Stories are about one thing: a person's ability to change. By the end of the story, you’ll end up with a different character than the one you started with, or with one who failed to change in the face of events that affected them.
You'll find that stories lacking this focus can feel hollow and empty. Without character development, you might be left wondering what the point was, even in the most seemingly exciting or epic of tales.
This is what can reduce a superhero film about saving Earth down to a yawn. Or, it can make a chess match become more riveting and intriguing than any heist scene. Change is the only constant in our world, so how do you make sure you capture this concept?
Two techniques you can use to craft authentic character arcs:
Don’t "do it for the cool"
A luxury car smashes into the side of a moving train. Cool? For sure! Purposeful? Well…
If you only included the scene because it was really cool, you may want to rethink keeping it in the final draft. Cool moments and scenes are definitely the moments that stick out in our minds, but they aren’t the be-all, end-all of our stories. In fact, they can actually chip away at the character development we’ve established.
Try to always consciously evaluate every decision you make and question why you are including a scene, then play out what happens next according to the character. How do you think they would react next to that thing they just did, or that thing they just saw? Their partner betrayed them? What next? You might have just changed the whole course of the story because of it, but that's how it has to go. Otherwise, that scene is just there to look cool and didn't affect any meaningful change.
Final character mapping
Mystery lovers may be familiar with this modified technique, in which the author chooses who did it at the start of their planning process and develops their story backwards from there.
In this instance, pin down who your character is by the end of the story, before you even think about who they are at the start. Are they courageous and brave? Jaded and unforgiving? Heartbroken? Fulfilled?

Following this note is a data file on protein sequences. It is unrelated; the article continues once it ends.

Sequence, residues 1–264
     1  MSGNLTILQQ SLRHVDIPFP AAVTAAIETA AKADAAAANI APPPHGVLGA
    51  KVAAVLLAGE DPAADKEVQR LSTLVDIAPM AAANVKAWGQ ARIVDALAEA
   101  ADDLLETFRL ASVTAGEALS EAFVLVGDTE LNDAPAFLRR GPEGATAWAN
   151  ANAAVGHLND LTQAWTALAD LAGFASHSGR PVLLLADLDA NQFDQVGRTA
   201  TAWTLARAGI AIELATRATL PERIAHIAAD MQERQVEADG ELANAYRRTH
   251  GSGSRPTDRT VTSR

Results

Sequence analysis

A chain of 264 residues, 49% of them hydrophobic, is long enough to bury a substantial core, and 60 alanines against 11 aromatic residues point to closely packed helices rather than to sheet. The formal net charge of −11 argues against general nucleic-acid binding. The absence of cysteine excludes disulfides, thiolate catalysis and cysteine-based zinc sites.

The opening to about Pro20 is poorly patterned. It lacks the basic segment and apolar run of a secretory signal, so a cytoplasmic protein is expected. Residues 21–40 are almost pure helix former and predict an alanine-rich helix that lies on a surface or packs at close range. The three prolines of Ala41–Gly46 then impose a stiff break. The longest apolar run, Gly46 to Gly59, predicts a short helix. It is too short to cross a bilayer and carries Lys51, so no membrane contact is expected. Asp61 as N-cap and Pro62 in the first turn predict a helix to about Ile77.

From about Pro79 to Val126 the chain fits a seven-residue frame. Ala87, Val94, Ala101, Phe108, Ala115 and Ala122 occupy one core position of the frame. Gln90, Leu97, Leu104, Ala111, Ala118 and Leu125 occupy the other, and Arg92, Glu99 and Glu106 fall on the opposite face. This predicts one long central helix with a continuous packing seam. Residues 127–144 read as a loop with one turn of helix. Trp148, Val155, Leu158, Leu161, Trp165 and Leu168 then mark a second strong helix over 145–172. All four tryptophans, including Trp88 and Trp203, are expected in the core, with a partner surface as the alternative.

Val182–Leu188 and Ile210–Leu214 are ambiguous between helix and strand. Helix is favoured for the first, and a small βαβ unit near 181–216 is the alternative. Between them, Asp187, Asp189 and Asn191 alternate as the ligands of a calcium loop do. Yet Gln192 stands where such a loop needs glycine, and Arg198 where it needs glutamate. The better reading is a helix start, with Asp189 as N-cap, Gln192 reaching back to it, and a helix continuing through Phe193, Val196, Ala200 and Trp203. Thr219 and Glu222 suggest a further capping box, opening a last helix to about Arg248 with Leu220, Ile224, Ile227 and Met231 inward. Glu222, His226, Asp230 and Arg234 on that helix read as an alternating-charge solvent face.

From there, move backwards. If they're finishing brave, what does that mean they have to be at the start? Timid? Cowardly? Paralyzed by fear? Aspirational? If they're courageous from start to finish, then why don't they change and how will you show that? Does the type of courage they have change? Does their understanding of it change? Courageous and boisterous, and courageous yet humble, are two very different things, for example.
Now that you have your start and your end, it's time to figure out what sorts of things would cause someone to become who they need to be. If they're starting as timid and becoming courageous, why are they timid? Were they bullied as a kid? Then they're going to need to have an opportunity to prove they can get over it. They'll probably also need an event where they confront that past, or something that replicates it, for them to overcome it.
Feel free to draw this out! Make a dot for your end state, then another dot for your inevitable start state, then draw an arc between the two and map the different types of events they might encounter. If you're just writing as you go and making it up, you still need to know your overall arc or keep it in mind, even if the details are loose.
You'll need an arc for each major character whose change you want to showcase. To keep things interesting, you’ll also want to understand how they interact with each other, now that you can see their lines.
Do you have two people changing to the same thing by the end? Perhaps your story would benefit from including two people who deviate instead. Do two people have the same character arc? Switch it up! Think about it: would someone who is timid even get the opportunity to step up if they're paired with someone who is overly courageous? Might that pairing help draw out their weaknesses and character evolution even better?
How are you going to write it? It's up to you.